Comparing Microstars IV

This is the place where collectors can discuss their passion.
Post Reply
Message
Author
User avatar
Plasmid
Posts: 317
Joined: Mon Sep 28, 2020 5:34 am
Location: United States
Contact:

Comparing Microstars IV

#1 Post by Plasmid » Wed Jan 06, 2021 3:01 am

I can't help but notice some differences, mostly exterior on this two Microstar IV. The two that jump out the most is the light bulb Socket and the power switch. I've taken both apart and internally they seem identical; down to even the piece of mastic tape used to damper the diaphragm swing arm when it hits the base. I've also seen a variation online with different colors, particularly a blue top and so I was wondering what other differences can be found throughout the years on this model.
Attachments
IMG_20210105_215026.jpg
IMG_20210105_215026.jpg (61.88 KiB) Viewed 943 times
IMG_20210105_214707.jpg
IMG_20210105_214707.jpg (68.04 KiB) Viewed 943 times
IMG_20210105_215942.jpg
IMG_20210105_215942.jpg (60.4 KiB) Viewed 943 times

apochronaut
Posts: 3835
Joined: Fri May 15, 2015 12:15 am

Re: Comparing Microstars IV

#2 Post by apochronaut » Wed Jan 06, 2021 3:49 am

It is hard to know , unless one had 15 examples over the years. I am familiar with the door versus plug type of illuminator but those systems seem to be pretty similar. Where the departures come is in the optics of the objectives and condensers.
The planachro and Neoplan objectives are well served by the standard dry and oil condensers but the Planfluors require the achromat aplanet condenser. Getting all the parts together can be a bit daunting.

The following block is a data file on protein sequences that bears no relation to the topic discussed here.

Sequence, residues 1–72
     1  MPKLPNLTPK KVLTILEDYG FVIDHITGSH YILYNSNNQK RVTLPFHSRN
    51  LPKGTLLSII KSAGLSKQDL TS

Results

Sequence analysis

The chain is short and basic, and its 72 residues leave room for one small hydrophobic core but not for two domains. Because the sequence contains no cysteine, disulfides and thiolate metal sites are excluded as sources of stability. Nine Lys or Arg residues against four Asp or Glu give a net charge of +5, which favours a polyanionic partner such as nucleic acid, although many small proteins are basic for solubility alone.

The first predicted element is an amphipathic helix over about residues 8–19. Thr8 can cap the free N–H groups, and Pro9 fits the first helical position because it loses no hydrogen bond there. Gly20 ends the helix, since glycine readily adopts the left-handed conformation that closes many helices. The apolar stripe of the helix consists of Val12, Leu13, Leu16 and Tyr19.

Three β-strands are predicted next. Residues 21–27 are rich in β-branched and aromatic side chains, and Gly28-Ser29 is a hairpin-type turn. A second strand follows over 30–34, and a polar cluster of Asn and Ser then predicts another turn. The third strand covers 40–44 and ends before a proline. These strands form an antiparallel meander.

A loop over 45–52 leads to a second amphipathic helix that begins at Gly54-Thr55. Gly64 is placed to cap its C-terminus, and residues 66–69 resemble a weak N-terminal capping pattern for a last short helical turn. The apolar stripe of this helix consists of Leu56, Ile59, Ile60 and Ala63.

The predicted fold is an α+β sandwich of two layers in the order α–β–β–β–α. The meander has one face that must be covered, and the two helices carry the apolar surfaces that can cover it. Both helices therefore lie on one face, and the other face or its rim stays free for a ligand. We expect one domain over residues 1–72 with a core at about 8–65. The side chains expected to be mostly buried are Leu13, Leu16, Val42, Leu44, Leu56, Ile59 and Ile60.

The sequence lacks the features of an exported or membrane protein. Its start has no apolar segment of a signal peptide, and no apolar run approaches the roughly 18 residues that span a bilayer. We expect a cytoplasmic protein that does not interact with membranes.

No doubt there were many rational changes over the years but some of them now, might not seem so rational.

PeteM
Posts: 1424
Joined: Tue Dec 06, 2016 6:22 am
Location: N. California

Re: Comparing Microstars IV

#3 Post by PeteM » Wed Jan 06, 2021 4:24 am

Some of these were also branded Leica. The four I have of those all have a black-painted top plate. There's a mix of black and blue-painted tops of the Reicherts. Might even be some "Cambridge" or "Jung" units out there? I've also seen Reichert printed on the scope and Leica on the shiny stick-on label with electrical info.

Given the dizzying number of changing corporate owners - many of them looking to reduce costs - the Microstar IV units had several cost-reductions compared to earlier generations (AO Series 10/20 and 100/110/120). Generally, though, without sacrificing performance and reliability. The main exception seems to have been the use of that plastic focus cam to replace metal. Even Nikon and others got caught up in plastic as the wonder material. Danaher, the now longer-term owner of the B&L, Reichert, Leica etc. brands, has brought back stability to the company; though (like the rest of the big four) not much interest in supporting older models and hobbyists.

In any case, the door-type bulb cover was more expensive to make and was replaced by the twist-and-turn type. In a twist of fate, it turns out this later type is especially easy to convert to LED should you want a portable scope. The 20 watt halogen bulb that's standard does a fine job though.

apochronaut
Posts: 3835
Joined: Fri May 15, 2015 12:15 am

Re: Comparing Microstars IV

#4 Post by apochronaut » Wed Jan 06, 2021 3:38 pm

The focus cam isn't really plastic, it's a kind of composite and somewhat stronger than plastic. It is perfectly serviceable and long lastIng if used as intended and shipped as intended, with the objectives in cannisters and the focus column locked down. Maybe the engineers should have realized that 30 years later, 60 % of their microscopes would still be happily in service and that some people would make assumptions of the durability of their design based on broken ex school examples or others sold for peanuts or donated because they had had been abused or shipped by idiots.
It wouldn't have mattered one bit if the cam had been made of brass or any other metal. Having the more than a lb. focus column and arm bang up and down , during some shipper's joyride , metal on metal , would be more damaging than a broken focus cam. Which would you rather replace ? One unit of composite fibre cam or the entire focus mechanism and maybe a few objectives to boot?

The illuminator is 24 watts. I don't think I have seen a single version of either the Microstar IV or the Diastar with fried electrics.